Have a nice day.

Have you tried the firmware update on the Tammy?  I've not, but I think that may resolve a lot of your problems.  I'll be sending mine in soon!

I have used the 5dmkiii and the 70d on the 150-600.  Results on the 70d are rather disappointing.  Part of the issue is that it just looks like crapola once you go above ISO 1600.  Anything higher than that, I'm much better off going to my 5d and cropping.   

So the 70d has prettymuch collected dust as I bought it for birding, but I need greater than 300-400mm still, so it wasn't exactly the perfect combo with the Tammy I thought it would be.  It does look great on the 70-300L however, but I still don't have the reach I want.

I'll only buy the 7dmkii if there is a substantial increase in quality (iso3200 useable images).    Otherwise, I may just ditch the crop frame all together, and bite the bullet on a used 500F4 and use on the 5dmkiii.
    Not yet, but is there a new firmware??

   Compare 6D with my 60D center point AF, the 60D center point AF is more accurate on small subject... I think may be because the subject is bigger in the 60D AF sensor.  Also, base on my observation, if I scale down the 60D image by 1.6x, the 60D IQ is around the same as the 6D IQ up to ISO 3200, 6D IQ is still better than the 60D scale down image when ISO is above 6400. So if 7D2 AF is much better, I'll consider the switch... basically trade IQ with better AF.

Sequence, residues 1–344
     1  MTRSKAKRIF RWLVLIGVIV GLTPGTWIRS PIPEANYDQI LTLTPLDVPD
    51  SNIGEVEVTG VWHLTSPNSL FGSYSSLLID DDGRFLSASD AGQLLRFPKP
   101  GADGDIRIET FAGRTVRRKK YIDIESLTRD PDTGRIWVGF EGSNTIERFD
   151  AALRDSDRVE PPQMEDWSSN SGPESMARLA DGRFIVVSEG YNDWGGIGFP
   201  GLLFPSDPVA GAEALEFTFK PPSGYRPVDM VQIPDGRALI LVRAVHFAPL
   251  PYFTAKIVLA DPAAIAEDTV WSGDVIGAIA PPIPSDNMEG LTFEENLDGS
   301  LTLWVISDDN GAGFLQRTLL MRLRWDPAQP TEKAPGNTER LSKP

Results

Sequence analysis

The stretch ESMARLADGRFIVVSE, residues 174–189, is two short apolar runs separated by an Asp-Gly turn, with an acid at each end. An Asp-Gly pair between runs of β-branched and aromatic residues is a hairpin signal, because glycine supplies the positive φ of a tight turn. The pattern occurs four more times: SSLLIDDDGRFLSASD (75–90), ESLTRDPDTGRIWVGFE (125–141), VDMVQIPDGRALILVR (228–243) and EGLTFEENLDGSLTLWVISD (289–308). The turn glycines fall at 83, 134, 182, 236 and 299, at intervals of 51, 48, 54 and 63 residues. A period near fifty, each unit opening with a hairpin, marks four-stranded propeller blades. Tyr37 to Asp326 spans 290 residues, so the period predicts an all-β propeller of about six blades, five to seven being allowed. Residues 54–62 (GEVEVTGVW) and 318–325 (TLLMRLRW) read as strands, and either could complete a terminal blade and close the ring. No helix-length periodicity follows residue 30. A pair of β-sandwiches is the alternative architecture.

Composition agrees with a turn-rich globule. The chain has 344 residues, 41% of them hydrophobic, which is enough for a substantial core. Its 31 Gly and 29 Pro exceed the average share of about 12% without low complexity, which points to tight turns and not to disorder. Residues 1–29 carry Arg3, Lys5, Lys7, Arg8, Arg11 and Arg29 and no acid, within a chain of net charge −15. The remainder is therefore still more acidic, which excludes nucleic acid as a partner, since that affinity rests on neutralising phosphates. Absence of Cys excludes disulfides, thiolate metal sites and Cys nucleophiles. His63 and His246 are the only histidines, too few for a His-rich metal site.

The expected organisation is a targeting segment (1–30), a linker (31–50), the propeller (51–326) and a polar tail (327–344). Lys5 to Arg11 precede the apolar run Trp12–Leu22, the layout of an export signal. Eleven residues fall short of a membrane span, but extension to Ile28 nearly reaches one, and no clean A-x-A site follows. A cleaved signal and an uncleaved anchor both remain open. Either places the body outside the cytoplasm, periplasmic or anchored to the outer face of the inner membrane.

Anyway, will try out various settings and ways to improve my focus accuracy... if can overcome the problem, I'll keep my 6D as I like it very much especially with the 40mm pancake on it.

   Have a nice day.

Third Party Manufacturers / Re: SIGMA 150-600!!
« on: September 05, 2014, 10:49:00 AM »
    The front element is nearly the size of a 300mm f2.8, but why only f6.3 at 600mm? Or the front element is just a protective element??

    Anyway, the only feature I like about this lens is that it can lock at any focal length which to me is very useful (if I want to use it for Astrophotography), but I already have a Tamron and not 100% convince about the QC of Sigma yet.